Until recently, Ethiopia was one of the few telecom markets in the world that was still a monopoly, with no competition to state-owned firm Ethio Telecom.
The situation changed with the award of a new communications license in the first half of 2021.
Market liberalization had been a long time coming; the government pledged to open the market up to competition as far back as 1999, when it outlined plans to authorize a new GSM operator, but it took years for this plan to come to fruition.
It was not until 2019, under a revised proposal published in July that year, that the government revealed it was looking to award a new full-service Unified Telecommunications Service License to Ethio Telecom and similar concessions to a pair of new players.
While 12 groups expressed an interest in the new licenses, only two bids were submitted. One from South Africa-based MTN Group and another from Global Partnership for Ethiopia (GPE), a consortium comprising Kenya’s Safaricom, Vodafone Group, Vodacom Group, CDC Group, and Sumitomo Corporation.
In May 2021, it was confirmed that GPE would be awarded one of the licenses for $850 million, but MTN’s offer of $600 million was too low and had been rejected.
Arrival of Safaricom
The winning consortium subsequently unveiled plans to launch commercially in April 2022 under the name Safaricom Telecommunications Ethiopia.
It said it would invest around $590 million in the initial start-up phase, with between $1.5 and $2 billion to be spent over its first five years of operation.
Although unable to meet this launch target—in part due to delays finalizing a roaming agreement with Ethio Telecom—Safaricom Ethiopia eventually announced the start of a network pilot in August 2022, before confirming its commercial launch in 11 locations in October that year.
Ethiopia Mobile Market Revenue and ARPU
It was an instant hit.
By the end of October 2022, it claimed 740,000 subscriptions and hit 1 million less than a month later. It also had a staggering 5 million subscriptions by August 2023. Market leader Ethio Telecom had an estimated 70 million mobile subscriptions at the same date.
Safaricom’s also been busy expanding its network reach. It covered 21 cities by early 2023 and was active in 22 cities and 49 towns by the middle of the year, covering approximately 25% of the country’s 105 million population.
In June 2023, World Bank Group members the International Finance Corporation and the Multilateral Investment Guarantee Agency announced plans to make an equity investment in Safaricom Ethiopia, as well as providing loans for the cellco.
Under the deal, the World Bank Group is providing equity, debt, and insurance facilities to support the construction and operation of Safaricom Ethiopia’s 4G and 5G mobile networks.
Third License Award Restarted
Meanwhile, the process to award the third new full-service license was re-launched in September 2021, but then postponed three months later.
The regulator, the Ethiopian Communications Authority (ECA), said that it had “received concerns and requests from several prospective bidders to delay the process and issue the RFP at a convenient time in the future.”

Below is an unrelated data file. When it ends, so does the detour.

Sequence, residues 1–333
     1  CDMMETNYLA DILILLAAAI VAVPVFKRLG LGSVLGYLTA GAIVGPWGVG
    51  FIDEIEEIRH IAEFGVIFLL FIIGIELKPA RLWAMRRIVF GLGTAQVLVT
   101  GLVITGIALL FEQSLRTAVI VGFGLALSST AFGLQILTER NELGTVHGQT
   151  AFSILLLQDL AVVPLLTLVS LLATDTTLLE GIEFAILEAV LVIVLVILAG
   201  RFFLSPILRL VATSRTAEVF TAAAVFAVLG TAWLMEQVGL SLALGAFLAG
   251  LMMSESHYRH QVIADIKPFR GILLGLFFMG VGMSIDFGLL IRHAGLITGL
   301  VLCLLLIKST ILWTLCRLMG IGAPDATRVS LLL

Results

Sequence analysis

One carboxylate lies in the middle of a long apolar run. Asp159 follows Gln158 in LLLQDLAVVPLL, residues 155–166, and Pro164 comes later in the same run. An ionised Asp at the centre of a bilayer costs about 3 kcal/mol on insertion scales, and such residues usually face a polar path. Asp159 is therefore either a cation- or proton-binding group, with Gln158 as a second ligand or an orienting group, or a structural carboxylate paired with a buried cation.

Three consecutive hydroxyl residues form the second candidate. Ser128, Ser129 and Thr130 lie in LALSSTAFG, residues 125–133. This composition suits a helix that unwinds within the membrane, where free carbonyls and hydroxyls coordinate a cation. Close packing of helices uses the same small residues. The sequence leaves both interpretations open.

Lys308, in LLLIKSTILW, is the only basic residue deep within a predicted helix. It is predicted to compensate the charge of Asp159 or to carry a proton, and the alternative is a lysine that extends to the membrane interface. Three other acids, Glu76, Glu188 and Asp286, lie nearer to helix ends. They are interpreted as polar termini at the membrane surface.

Applications were eventually invited once again at the end of June 2023. Announcing the development, the ECA said it was inviting “world-class” telecommunications operators to take part in what it called an “exciting opportunity to operate within Ethiopia’s rapidly growing economy.” The deadline for submissions was October 6, 2023, but the ECA had still to announce any further developments by mid-November.
Ethio Telecom Privatization
While the search for a third mobile operator continues, the government’s been looking to sell off a stake in Ethio Telecom. Like the licensing process, however, things have not always gone smoothly.
While it published the RFP for the sale of a 40% stake in the telco in September 2021, the following March the sale was postponed.
The country’s Ministry of Finance (MoF) said that the decision to press pause on the process had been taken “given the recent developments and fast-moving macroeconomic changes both globally and from a country perspective.”
The tender was restarted in February this year, with the stake on offer having been increased to 45%. The government’s interested in receiving “proposals from interested parties who can add value to the company by bringing in best practices in terms of operations, infrastructure management, and next-generation technological capabilities.”
No further developments have so far been reported.
Mobile Market Growth
Meanwhile, the Ethiopian mobile market has continued to grow.
At the end of June 2023 there were an estimated 72.2 million mobile subscriptions, up from 64.5 million a year earlier and 54.3 million in mid-2021.
Ethiopia Mobile Market Growth, 2015-2023
Ethio Telecom isn’t taking the arrival of competition lying down.
In September 2023 it launched the country’s first 5G network at 145 sites in the capital, Addis Ababa. Later that month it teamed up with Gilat to modernize its portfolio of satellite-based business services and improve satellite backhaul for its mobile networks.
Pete Bell is a Research Analyst for TeleGeography’s GlobalComms Database and also contributes to the daily CommsUpdate newsletter. He has a particular interest in wireless broadband and was responsible for TeleGeography’s 4G Research Service until it was integrated into GlobalComms.